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Myth buster - employing people with criminal records

Myth buster - employing people with criminal records

Posted on Thu 22nd Nov, 2018

When recruiting for adult social care roles some employers worry about the suitability of employing people with criminal records.

There are lots of myths and perceived risks associated around employing people with criminal records.

This ‘myth buster’ document aims to help employers better understand how people with convictions can be recruited safely and fairly.

Myth: I can’t employ someone with a criminal record to work in care

Truth: Having a criminal record doesn’t mean that a person is unsuitable for a role in social care. In fact, the Disclosure Barring Service (DBS) state that applicants with criminal records should be treated fairly and not discriminated against because of their conviction.[1] Business in The Community (BITC) found that 75% of employers admit to discriminating against applicants with a criminal conviction.[2]

Myth: if I person has committed an offence, it’s likely they will do it again

Truth: Employment is the single most important factor in preventing reoffending. Given the opportunity, many people with convictions go on to live happy and fulfilling lives contributing to their communities.[3]

Myth: an enhanced DBS check must be conducted for everyone recruited into a role in care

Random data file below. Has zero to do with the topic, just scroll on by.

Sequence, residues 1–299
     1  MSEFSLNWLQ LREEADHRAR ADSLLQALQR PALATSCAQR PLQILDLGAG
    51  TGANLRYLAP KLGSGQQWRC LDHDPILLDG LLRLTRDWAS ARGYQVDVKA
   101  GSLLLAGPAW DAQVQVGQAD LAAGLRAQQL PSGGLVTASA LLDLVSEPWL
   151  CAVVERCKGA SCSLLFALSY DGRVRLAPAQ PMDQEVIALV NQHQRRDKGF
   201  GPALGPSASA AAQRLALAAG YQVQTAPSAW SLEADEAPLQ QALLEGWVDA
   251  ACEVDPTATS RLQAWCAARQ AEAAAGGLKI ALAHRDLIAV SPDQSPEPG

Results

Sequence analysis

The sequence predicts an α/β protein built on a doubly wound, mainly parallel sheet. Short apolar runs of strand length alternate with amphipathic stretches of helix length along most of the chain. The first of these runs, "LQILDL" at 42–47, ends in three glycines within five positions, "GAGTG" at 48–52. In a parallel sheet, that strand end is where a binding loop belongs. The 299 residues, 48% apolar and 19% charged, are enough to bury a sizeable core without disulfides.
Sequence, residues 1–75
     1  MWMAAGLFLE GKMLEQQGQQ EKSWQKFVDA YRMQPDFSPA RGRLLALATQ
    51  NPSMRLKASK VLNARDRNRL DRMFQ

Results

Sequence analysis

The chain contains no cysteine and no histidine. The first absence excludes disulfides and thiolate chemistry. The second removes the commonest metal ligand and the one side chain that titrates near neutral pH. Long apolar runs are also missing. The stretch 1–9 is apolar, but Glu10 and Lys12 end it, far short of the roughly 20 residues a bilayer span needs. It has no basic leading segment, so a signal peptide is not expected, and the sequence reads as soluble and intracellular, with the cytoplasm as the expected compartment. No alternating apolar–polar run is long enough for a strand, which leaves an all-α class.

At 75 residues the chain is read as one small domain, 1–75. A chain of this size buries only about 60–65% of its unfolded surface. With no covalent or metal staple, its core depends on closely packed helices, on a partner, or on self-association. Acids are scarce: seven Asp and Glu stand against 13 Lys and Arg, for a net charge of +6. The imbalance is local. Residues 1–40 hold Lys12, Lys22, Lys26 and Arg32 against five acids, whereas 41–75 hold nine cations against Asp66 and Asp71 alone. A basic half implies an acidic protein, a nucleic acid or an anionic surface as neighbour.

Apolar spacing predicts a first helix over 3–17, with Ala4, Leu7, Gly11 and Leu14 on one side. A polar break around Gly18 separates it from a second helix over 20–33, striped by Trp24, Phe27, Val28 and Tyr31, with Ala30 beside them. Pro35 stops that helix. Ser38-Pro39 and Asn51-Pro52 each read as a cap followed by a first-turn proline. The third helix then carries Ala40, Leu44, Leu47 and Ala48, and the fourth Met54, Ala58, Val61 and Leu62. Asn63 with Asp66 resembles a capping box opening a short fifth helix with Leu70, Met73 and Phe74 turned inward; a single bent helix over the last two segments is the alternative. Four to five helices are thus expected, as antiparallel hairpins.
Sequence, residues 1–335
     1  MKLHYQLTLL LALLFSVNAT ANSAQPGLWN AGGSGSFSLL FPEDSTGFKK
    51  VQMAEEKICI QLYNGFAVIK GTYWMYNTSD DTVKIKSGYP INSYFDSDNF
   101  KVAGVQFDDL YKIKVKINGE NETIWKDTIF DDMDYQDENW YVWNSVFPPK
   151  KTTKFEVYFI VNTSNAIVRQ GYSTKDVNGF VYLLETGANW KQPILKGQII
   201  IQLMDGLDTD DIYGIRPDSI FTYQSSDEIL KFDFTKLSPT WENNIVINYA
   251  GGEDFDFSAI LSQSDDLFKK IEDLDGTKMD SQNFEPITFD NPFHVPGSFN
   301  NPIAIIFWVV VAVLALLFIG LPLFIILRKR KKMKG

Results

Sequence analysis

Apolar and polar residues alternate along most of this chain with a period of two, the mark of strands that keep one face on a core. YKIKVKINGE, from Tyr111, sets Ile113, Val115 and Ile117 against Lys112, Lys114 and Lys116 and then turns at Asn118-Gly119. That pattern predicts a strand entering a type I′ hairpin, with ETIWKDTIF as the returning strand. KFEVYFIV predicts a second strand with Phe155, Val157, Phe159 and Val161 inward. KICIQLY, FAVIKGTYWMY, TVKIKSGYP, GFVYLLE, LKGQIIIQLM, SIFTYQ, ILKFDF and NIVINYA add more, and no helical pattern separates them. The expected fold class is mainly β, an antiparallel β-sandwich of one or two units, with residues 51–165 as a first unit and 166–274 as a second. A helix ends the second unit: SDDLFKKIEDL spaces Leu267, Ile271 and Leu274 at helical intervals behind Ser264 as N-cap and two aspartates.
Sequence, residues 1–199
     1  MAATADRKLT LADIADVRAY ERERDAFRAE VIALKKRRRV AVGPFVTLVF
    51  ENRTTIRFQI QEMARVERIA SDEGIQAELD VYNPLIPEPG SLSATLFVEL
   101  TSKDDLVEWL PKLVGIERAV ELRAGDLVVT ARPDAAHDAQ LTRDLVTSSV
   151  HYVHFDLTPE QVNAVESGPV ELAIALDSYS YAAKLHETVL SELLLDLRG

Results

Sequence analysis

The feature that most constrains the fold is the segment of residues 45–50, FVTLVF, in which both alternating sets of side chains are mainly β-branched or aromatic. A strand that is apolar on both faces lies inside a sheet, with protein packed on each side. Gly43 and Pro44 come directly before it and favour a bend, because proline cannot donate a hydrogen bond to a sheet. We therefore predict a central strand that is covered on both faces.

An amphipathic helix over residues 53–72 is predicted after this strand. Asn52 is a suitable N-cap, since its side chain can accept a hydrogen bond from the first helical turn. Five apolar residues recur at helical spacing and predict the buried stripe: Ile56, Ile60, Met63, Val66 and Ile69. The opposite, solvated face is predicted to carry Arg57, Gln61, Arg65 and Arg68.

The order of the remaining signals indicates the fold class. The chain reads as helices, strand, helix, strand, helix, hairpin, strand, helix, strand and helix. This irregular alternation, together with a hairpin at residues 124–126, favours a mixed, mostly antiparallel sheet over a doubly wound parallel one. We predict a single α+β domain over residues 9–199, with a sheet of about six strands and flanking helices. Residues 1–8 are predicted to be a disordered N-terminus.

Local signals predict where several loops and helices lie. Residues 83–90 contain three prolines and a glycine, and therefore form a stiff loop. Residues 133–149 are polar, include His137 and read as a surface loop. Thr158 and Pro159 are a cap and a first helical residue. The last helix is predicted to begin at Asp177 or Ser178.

Truth: The level of check depends on the specific role in question. It’s illegal for employers to conduct blanket ‘enhanced level’ checks on all employees as certain roles role may not be eligible for that level check.1

Myth: someone with a criminal record won’t be a good employee

Truth: Many organisations that actively employ ex-offenders report positive experiences. Ex-offenders have high retention rates and make reliable and hard-working employees.[4]

Myth: a person with a criminal record has probably spent time in prison

Truth: 11 million people in the UK have a criminal record and not all ex-offenders have been to prison. In fact, fines are the most common sentence given by all courts (over 70%) with only a small proportion (less than 8%) of people sent to prison.[5]

Download the ‘Safe and fair recruitment guide’ for more information on how to safely and fairly recruit people with criminal records.